EUGENE--University of Washington senior Jeremy Taiwo (above/photo by Mike Scott) made his final appearance at the NCAA track & field championships in a Husky uniform a memorable one, as he finished second in the decathlon competition with a personal best score of 8239 points, just short of winner Johannes Hock of Texas' 8267 points.
The senior from Newport HS in Bellevue entered the day with the lead after five events with a score of 4389, and got the day started by winning the 110 hurdles in a time of 14.16, good for 954 points.
Hock, the Texas freshman from Germany took over the lead in the discus, as he threw 166-0 (50.61m) for 883 points, while Taiwo could only muster a best of 114-6 (34.90m), scoring 562 points, and well off his best of 137-2 (41.80m).
In the pole vault, Taiwo cleared four bars, including a personal best of 16-0 3/4 (4.90m), before setting yet another personal best of 16-4 3/4 (5.00m) in the series, a clearance worth 910 points.
The penultimate event saw Taiwo throw the javelin 163-7 (49.87m) for 587 points, while Hock launched the spear 192-1 (58.55m) to get 716 points.
For Taiwo to somehow win the national title, he had to beat Hock in the 1500 by about 27 seconds.
Taiwo ran aggressively, and finished third overall with a personal best of 4:16.34 for 837 points, but Hock also ran a personal best, running 4:37.90, worth 694 points to salt away the national title.
Taiwo's score of 8239 makes him the eighth best performer in NCAA history, gives him the best score by an American so far this season, and is the second best score in school history, behind only Mike Ramos' score of 8322 in 1986.
Most importantly, Taiwo attains the IAAF 'A' standard of 8200 points needed to compete in this summer's world championships, as only Olympic champion Ashton Eaton (9039) and reigning world champ Trey Hardee (8671) currently have the score entering the USA championships in two weeks in Des Moines, Iowa.
As defending world champion, Hardee only has to compete at the USA championships to collect his automatic wild card berth to Moscow.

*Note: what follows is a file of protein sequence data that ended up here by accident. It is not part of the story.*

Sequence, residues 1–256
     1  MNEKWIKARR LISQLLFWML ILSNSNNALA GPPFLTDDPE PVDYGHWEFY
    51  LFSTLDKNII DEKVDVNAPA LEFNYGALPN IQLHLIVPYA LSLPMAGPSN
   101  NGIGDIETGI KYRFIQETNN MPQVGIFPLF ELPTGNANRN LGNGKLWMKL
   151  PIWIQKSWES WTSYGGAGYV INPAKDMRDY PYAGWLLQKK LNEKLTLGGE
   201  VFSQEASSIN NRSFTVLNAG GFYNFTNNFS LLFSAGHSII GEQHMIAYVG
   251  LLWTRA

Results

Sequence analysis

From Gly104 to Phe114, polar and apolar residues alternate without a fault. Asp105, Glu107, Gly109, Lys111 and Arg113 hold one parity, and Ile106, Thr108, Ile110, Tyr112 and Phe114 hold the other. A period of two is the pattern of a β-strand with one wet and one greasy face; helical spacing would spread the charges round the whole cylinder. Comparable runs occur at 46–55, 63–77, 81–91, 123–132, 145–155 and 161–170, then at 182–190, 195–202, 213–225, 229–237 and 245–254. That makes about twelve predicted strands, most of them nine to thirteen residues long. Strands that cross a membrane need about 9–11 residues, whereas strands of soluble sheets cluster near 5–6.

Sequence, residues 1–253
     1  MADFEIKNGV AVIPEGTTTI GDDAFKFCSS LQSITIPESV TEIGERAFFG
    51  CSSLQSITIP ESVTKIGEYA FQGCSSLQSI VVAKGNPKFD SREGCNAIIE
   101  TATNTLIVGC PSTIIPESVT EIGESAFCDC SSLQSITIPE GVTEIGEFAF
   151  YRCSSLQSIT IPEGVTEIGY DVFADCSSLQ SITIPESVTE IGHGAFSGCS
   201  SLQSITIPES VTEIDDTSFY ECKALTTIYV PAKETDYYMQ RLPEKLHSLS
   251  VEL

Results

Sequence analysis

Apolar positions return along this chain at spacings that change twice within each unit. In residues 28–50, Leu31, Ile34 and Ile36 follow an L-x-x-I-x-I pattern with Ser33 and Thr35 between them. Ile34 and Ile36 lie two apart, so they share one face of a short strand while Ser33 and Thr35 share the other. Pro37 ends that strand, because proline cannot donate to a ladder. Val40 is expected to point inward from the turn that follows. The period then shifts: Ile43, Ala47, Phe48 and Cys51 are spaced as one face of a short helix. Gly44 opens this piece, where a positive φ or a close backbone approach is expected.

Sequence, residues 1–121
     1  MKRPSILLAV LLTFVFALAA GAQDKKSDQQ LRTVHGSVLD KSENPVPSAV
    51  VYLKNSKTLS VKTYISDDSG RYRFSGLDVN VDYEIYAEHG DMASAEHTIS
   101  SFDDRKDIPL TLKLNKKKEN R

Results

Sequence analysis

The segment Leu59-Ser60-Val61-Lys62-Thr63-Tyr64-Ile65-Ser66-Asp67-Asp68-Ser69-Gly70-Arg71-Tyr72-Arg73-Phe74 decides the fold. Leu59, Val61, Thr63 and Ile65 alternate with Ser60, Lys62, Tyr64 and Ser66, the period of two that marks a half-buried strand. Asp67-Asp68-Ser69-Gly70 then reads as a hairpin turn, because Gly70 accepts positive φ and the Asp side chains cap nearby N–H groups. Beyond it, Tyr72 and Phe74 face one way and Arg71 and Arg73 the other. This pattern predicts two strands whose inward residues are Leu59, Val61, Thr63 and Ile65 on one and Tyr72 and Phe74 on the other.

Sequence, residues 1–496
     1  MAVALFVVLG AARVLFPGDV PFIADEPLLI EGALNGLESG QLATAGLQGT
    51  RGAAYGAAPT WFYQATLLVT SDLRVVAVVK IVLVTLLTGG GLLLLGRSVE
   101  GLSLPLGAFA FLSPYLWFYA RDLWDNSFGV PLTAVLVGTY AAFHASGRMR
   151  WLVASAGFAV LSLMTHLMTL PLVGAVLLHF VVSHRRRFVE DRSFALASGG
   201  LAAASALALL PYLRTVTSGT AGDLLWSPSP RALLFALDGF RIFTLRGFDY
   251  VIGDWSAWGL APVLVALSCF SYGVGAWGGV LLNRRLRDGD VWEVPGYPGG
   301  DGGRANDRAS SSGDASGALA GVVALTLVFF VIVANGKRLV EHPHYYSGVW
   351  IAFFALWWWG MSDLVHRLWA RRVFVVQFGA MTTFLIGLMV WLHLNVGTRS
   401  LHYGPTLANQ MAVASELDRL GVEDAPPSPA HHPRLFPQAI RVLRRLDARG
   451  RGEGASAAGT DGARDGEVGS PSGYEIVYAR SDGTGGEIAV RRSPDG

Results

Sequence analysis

"I went out and did everything I could," said Taiwo. "The throwing events didn't go as well as I wanted them to, that's a testament to how much I need to show up at practice and work on them. Everything else I'm okay with. All in all, there's a lot of ups and downs in the multi, and I'm really happy I got the `A' standard. That's something I really wanted to get this year. I wish I could have finished in first place, but (Hock) had a great two days and there's not much you can do except go out and compete."
In semi-final action Thursday, Oregon's Michael Berry from Rainier Beach HS, who surprisingly did not qualify in the 400 meters Wednesday, anchored the Ducks to a second place finish in the 4 x 400 meter semis, as the team ran 3:04.20.
Bellingham's Becca Friday of the host Ducks, qualified for Saturday's finals in the women's 1500, finishing fourth in 4:17.46.
Spokane's Nathan Weitz, competing for Northern Arizona, finished seventh in his semi in the men's 1500, running 3:44.56.
The Huskies' James Alaka finished eighth in his 200m semi, running 20.97. Teammate Chris Williams was eighth in his 110 hurdles semi in a time of 14.46.
In the women's steeple semis, Washington's Liberty Miller finished 11th in 10:28.27.
On Friday, the Huskies' Logan Miller competes in the women's pole vault, while Christine Babcock and Megan Goethals go in the women's 5000.
University Place resident Andrea Geubelle from the University of Kansas looks to avenge a loss at the West Regionals handed to her by Shanieka Thomas of San Diego State, as the country's top collegiate triple jumpers go head to head.
Geubelle goes into the triple jump finals still stinging from last year's apparent national championship which was taken away after an appeal filed after the competition was apparently over, that bumped her to third in Des Moines.
NOTE: The University of Washington sports information office contributed to this report.